Coastal acidification in southeastern U.S. estuaries and coastal waters is influenced by biological activity, run-off from the land, and increasing carbon dioxide in the atmosphere. Acidification can negatively impact coastal resources such as shellfish, finfish, and coral reefs, and the communities that rely on them. Organismal responses for species located in the U.S. Southeast document large negative impacts of acidification, especially in larval stages. For example, the toxicity of pesticides increases under acidified conditions and the combination of acidification and low oxygen has profoundly negative influences on genes regulating oxygen consumption. In corals, the rate of calcification decreases with acidification and processes such as wound recovery, reproduction, and recruitment are negatively impacted. Minimizing the changes in global ocean chemistry will ultimately depend on the reduction of carbon dioxide emissions, but adaptation to these changes and mitigation of the local stressors that exacerbate global acidification can be addressed locally. The evolution of our knowledge of acidification, from basic understanding of the problem to the emergence of applied research and monitoring, has been facilitated by the development of regional Coastal Acidification Networks (CANs) across the United States. This synthesis is a product of the Southeast Coastal and Ocean Acidification Network (SOCAN). SOCAN was established to better understand acidification in the coastal waters of the U.S. Southeast and to foster communication among scientists, resource managers, businesses, and governments in the region. Here we review acidification issues in the U.S. Southeast, including the regional mechanisms of acidification and their potential impacts on biological resources and coastal communities. We recommend research and monitoring priorities and discuss the role SOCAN has in advancing acidification research and mitigation of and adaptation to these changes.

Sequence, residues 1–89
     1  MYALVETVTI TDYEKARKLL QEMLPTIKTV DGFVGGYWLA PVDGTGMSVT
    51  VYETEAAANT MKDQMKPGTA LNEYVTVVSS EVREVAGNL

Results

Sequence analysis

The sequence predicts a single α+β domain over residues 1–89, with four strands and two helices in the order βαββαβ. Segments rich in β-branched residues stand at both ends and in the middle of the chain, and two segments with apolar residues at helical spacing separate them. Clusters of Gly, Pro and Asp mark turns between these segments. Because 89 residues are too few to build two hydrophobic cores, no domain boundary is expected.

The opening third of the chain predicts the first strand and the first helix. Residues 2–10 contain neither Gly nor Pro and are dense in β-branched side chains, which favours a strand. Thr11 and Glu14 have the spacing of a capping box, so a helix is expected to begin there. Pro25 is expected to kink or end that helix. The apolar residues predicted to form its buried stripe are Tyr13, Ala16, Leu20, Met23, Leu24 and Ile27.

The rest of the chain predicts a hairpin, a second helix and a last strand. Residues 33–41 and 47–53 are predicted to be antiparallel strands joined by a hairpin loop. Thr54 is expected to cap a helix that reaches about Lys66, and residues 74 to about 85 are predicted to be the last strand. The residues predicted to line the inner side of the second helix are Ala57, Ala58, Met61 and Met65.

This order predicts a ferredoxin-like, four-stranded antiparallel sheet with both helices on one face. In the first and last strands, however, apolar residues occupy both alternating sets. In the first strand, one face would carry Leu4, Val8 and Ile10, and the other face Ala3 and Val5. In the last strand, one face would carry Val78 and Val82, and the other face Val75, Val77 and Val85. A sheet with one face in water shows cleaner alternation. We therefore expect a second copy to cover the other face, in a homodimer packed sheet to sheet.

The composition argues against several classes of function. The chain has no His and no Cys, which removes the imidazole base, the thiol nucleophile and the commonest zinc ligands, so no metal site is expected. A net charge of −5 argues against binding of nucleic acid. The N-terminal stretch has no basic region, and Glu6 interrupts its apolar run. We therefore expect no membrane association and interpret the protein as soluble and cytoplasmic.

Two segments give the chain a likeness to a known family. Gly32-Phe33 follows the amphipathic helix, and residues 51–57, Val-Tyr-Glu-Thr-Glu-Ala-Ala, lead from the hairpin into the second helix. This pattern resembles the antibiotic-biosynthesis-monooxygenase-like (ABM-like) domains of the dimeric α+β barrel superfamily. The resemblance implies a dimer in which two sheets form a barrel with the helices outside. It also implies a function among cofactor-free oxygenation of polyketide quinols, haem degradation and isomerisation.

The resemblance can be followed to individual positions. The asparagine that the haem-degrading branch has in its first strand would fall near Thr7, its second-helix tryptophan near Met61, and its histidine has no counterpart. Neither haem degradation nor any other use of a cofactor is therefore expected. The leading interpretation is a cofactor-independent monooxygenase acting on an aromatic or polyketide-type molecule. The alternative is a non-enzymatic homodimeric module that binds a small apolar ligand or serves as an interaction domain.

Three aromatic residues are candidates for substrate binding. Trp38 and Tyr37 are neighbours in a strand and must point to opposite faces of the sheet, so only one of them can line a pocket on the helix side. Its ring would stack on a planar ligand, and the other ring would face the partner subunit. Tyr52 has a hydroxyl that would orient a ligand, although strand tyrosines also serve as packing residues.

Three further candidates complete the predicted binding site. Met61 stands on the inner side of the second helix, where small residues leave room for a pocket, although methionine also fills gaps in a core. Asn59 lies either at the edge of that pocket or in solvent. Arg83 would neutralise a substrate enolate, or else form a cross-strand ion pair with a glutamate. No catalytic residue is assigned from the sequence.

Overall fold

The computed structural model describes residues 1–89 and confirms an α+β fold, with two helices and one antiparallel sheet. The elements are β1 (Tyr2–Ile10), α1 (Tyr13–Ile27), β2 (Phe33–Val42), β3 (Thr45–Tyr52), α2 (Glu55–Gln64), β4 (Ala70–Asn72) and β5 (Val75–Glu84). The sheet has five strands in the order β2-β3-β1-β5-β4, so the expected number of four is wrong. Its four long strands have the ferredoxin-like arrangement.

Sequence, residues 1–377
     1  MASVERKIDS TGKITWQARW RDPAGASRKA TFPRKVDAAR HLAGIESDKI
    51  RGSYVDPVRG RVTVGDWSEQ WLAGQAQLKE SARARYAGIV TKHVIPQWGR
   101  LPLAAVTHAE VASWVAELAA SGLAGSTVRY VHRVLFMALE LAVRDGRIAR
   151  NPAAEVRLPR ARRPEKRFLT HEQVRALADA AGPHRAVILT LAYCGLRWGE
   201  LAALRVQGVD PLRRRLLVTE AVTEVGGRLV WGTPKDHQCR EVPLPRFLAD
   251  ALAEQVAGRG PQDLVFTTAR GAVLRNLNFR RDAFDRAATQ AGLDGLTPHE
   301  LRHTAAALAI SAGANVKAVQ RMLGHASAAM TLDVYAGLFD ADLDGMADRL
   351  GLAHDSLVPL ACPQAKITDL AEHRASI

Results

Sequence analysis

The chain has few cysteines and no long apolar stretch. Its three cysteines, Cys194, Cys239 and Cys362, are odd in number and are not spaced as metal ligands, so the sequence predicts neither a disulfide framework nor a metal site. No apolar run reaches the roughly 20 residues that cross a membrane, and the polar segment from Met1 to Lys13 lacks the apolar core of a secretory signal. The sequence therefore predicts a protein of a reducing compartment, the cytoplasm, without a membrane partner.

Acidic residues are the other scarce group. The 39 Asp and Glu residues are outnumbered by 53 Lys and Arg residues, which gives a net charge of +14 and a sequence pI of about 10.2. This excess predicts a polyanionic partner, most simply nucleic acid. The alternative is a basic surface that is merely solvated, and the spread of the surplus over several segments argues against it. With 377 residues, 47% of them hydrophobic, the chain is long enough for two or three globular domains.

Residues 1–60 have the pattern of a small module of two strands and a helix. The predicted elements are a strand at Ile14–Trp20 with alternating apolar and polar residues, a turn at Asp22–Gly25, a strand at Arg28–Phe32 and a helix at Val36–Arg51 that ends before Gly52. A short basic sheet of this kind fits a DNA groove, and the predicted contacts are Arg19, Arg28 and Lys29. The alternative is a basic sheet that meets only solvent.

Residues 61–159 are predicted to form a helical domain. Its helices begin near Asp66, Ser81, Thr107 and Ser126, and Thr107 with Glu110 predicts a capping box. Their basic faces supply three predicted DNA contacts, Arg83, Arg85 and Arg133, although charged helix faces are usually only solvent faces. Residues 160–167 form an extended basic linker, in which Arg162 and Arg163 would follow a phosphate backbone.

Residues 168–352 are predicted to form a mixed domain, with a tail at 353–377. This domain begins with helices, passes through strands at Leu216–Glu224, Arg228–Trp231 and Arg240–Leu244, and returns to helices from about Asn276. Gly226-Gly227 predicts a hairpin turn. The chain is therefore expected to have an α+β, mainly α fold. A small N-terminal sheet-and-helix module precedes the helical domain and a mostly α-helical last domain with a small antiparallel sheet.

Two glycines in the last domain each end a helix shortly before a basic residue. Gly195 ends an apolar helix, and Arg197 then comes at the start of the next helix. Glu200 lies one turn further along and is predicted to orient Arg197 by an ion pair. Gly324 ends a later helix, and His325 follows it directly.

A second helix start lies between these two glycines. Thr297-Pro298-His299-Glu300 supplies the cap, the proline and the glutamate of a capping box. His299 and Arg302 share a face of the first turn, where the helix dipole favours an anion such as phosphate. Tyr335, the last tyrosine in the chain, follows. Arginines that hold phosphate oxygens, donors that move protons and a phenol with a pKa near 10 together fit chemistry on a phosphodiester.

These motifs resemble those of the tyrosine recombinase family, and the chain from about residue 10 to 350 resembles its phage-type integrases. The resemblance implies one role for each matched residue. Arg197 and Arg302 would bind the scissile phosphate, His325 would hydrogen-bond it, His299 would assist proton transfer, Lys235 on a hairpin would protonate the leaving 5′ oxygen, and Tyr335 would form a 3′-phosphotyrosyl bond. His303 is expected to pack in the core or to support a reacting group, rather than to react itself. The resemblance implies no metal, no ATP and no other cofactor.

Ecosystem services are impacted through restricting service supply, through limiting people from accessing services, and by affecting the quality of services. We map cumulative impacts to 8 different ecosystem services in coastal British Columbia using InVEST models, spatial data, and expert elicitation to quantify risk to each service from anthropogenic activities. We find that impact to service access and quality as well as impact to service supply results in greater severity of impact and a greater diversity of causal processes of impact than only considering impact to service supply. This suggests that limiting access to services and impacts to service quality may be important and understanding these kinds of impacts may complement our knowledge of impacts to biophysical systems that produce services. Some ecosystem services are at greater risk from climate stressors while others face greater risk from local activities. Prominent causal pathways of impact include limiting access and affecting quality. Mapping cumulative impacts to ecosystem services can yield rich insights, including highlighting areas of high impact and understanding causes of impact, and should be an essential management tool to help maintain the flow of services we benefit from.